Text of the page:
Truth be told, the band have been through a lot in the meantime. Guitarist Winston Marshall quit Mumford and Sons in 2021 after being accused by fans of fascist sentiments as a result of his support of the right-wing journalist Andy Ngo, and Mumford himself spoke out about sexual abuse he suffered as a child, of which he wrote on his solo album, Self-Titled, released late last year. 

None of this, however, factored into the lovely, emotionally resonant performance at Sziget, where British visitors carried most of the singalongs. With a splendid band such as Mumford and Sons, you know any live performance will be well worth the visit. The question that lingers isn’t whether they deserve an audience – beyond any doubt, they do – but whether these audiences are willing to pay a pretty penny to see a bulk of repeat headliners. Florence + the Machine played here in 2015 and 2019 (also just two editions ago), David Guetta performed in 2013 and 2016 (he also headlined VOLT, Sziget’s sister festival in the north of Hungary, in 2015), and – this is the best of all – Macklemore headlined in 2014, 2017, and 2019. He also headlined the fifth day this year, on Monday, August 14.

Speaking of Monday and Tuesday, on these two days, I finally got a breather (not a literal breather, it was still blistering hot), meaning I could do what I love most. I got to explore the island peacefully during the day, mingle with campers and foreign visitors seeking all-day entertainment, and soak up the more nuanced aspects of everything that makes Sziget an escapist festivity par excellence. 

Over the days, sights of stray belligerent youth falling over and puking at 2 PM, coupled with media or otherwise viral hype about an “unidentified billionaire entrepreneur” getting apprehended or “secret toilet parties” (this one’s a real thing, though), will easily trick you into thinking that Sziget is this wild pandemonium of unbridled energy. The reality is, thankfully, something else entirely.

Odd debauchees and late-night bacchanals notwithstanding, most festivals of any sort are, in actuality, congregational spots for the blasé, chillaxed bumming around, something Sziget was made for. From the early morning until the Main Stage curfew around 10:30 PM, families with children, babies even, and large groups of comrades partake in the many extracurriculars, admire the numerous circus and acrobatics shows, or just enjoy one another’s company on the beach or in the nature. Having an entire island, an oasis of greenery just outside Budapest’s city center, helps immensely with instilling a sense of calm and joy in Szitizens of all ages and profiles.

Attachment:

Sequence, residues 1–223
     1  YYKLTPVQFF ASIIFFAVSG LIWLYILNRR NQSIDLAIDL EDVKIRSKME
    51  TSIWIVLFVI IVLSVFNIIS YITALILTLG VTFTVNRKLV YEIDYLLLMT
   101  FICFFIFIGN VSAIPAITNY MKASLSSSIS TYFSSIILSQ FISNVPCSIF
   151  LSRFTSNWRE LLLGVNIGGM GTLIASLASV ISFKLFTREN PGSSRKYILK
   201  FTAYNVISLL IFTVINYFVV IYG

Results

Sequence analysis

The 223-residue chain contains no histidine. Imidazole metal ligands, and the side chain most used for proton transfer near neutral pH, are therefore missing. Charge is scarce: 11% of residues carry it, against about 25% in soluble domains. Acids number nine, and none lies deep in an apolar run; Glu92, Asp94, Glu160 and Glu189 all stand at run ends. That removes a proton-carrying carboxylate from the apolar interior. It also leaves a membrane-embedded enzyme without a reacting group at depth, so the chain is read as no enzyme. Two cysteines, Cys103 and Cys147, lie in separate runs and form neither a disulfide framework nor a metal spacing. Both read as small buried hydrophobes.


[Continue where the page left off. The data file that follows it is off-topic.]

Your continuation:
Throughout the afternoon, thousands crawl all around the island, meandering between the stages, food courts, and relaxation spots. Shows by the FA acrobatics group and Cirk La Putyka at the Cirque du Sziget, Circus Raj, and Ti’kaniki (a genre-less world music band from Lyon) at the Global Village, all draw in good numbers between 4 and 6 PM. The children – of whom there are hundreds – are particularly keen to partake in all available shenanigans, especially the old fan favorites, Traveling Funfair and carnival Walkabout, which engage and wow year after year. Spend a few hours among the families or between the GameLandHub and SportZone, and you might as well forget the musical component of the Sziget Festival entirely. Being in my 30s now, I understand better than ever that, for the majority of adults of any age, a leisurely activity isn’t a party as such – it’s just the opportunity to properly relax and forget yourself in an unpretentious environment.  

I’ve criticized Sziget’s management in the previous report for a lack of diversity in the offering this year, so I’d like to address this contradiction. In many respects, the armature of the festival’s variety of activities remains. Practically all of the stages I’ve mentioned are long-term staples of Sziget, places the crowds have enjoyed for years, and there are still enough art installations, stands, and activities to keep one busy for hours. Without a doubt, Sziget is still the best musical-cum-entertainment event in Europe (and beyond). But with cost-cutting and a fresh focus on monetization, now the title remains partially because this unique event competes with nothing except itself.